Coal, the most polluting fuel and the largest source of the leading greenhouse gas, carbon dioxide (CO2), is currently used to generate more than half of all of the electricity (52%) used in the United States. Other sources of electricity are: natural gas (16%), oil (3%), nuclear (20%), and hydropower (7%).

What does the U.S. wind industry contribute to the economy?

Wind power supplies affordable, inexhaustible energy to the economy. It also provides jobs and other sources of income. Best of all, wind powers the economy without causing pollution, generating hazardous wastes, or depleting natural resources—it has no "hidden costs." Finally, wind energy depends on a free fuel source—the wind—and so it is relatively immune to inflation.

In what other way does wind energy benefit the economy?

Wind farms can revitalize the economy of rural communities, providing steady income through lease or royalty payments to farmers and other landowners. Farmers can grow crops or raise cattle next to the towers. Wind farms may extend over a large geographical area, but their actual "footprint" covers only a very small portion of the land, making wind development an ideal way for farmers to earn additional income.


Additional income is generated from one-time payments to construction contractors and suppliers during installation, and from payments to turbine maintenance personnel on a long-term basis. Wind farms also expand the local tax base, and keep energy dollars in the local community instead of spending them to pay for coal or gas produced elsewhere.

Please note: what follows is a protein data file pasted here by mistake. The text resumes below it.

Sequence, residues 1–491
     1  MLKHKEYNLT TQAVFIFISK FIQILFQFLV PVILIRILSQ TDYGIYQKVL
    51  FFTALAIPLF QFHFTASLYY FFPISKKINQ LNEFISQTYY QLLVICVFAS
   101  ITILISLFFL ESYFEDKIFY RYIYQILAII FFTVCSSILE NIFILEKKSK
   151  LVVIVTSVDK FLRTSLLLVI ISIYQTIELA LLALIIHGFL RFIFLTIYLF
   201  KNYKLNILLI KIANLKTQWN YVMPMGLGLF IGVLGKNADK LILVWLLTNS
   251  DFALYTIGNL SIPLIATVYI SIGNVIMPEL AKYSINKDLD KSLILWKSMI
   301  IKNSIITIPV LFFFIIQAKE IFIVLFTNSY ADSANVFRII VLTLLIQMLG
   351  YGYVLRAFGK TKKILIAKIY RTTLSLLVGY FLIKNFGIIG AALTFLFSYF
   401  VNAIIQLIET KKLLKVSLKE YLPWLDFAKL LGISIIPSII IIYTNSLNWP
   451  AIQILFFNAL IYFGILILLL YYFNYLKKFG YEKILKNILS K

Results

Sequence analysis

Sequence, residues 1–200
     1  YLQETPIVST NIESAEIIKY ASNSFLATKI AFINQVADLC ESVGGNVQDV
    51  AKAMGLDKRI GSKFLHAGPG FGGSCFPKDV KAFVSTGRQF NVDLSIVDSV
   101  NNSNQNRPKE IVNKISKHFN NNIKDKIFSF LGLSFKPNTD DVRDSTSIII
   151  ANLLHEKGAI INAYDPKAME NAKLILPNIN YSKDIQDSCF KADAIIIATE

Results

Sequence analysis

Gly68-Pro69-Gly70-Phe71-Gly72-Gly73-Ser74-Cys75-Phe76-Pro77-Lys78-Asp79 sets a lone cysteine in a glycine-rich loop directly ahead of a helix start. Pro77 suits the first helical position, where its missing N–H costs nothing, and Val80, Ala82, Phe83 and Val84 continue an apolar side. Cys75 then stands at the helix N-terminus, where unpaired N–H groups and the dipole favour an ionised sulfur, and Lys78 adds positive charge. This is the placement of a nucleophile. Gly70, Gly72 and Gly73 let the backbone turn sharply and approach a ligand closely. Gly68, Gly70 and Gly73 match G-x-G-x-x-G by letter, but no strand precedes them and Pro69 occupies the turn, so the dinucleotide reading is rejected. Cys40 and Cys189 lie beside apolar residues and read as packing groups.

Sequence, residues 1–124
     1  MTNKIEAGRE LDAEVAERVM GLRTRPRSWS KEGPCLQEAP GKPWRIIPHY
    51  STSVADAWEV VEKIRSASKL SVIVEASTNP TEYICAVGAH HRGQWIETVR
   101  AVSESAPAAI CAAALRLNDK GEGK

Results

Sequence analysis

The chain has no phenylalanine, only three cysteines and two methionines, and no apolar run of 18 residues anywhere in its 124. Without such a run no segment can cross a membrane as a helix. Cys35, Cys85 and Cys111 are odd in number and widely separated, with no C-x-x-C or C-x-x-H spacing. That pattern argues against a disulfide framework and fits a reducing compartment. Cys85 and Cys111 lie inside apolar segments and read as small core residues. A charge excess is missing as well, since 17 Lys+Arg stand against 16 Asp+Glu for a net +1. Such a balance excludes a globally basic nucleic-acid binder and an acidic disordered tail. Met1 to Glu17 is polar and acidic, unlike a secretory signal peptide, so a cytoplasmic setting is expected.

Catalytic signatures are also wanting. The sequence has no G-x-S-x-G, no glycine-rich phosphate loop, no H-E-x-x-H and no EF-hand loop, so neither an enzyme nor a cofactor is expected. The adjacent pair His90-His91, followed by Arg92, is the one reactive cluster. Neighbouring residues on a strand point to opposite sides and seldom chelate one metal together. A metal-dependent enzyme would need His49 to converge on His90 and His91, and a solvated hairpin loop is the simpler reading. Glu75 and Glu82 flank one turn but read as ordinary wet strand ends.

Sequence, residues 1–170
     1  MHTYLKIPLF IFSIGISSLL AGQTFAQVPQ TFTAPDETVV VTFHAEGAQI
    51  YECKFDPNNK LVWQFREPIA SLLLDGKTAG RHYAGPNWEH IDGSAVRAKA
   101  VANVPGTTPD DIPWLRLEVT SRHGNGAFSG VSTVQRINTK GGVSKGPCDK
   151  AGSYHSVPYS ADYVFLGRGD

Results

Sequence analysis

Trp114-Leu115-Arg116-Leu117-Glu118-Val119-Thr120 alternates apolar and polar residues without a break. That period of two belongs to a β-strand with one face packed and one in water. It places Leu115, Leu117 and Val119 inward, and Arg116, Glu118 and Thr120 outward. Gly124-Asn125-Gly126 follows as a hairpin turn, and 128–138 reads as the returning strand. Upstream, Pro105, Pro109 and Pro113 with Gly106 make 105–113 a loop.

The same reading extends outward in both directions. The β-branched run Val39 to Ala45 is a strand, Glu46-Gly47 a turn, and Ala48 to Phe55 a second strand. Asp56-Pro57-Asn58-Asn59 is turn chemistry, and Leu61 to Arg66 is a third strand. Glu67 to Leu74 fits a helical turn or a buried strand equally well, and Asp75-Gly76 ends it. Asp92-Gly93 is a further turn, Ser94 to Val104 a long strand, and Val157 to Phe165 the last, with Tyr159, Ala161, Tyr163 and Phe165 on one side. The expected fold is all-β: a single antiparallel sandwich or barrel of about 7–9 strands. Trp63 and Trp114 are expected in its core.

Finally, wind also benefits the economy by reducing "hidden costs" resulting from air pollution and health care. Several studies have estimated that 50,000 Americans die prematurely each year because of air pollution.

I support the concept of wind power. How can I invest in it?

The wind industry includes many companies which derive some or much of their revenue from wind-related business.

Call us for further information or contact us at businessdevelopment(at)juwi.com

Environmental Benefit

What are the environmental benefits of wind power?

Wind turbines do not emit greenhouse gases or produce hazardous waste. Nor do they deplete natural resources such as coal, oil, or gas, or cause environmental damage through resource extraction and transportation.

The clean generation of wind power helps reduce the environmental damage caused by power production.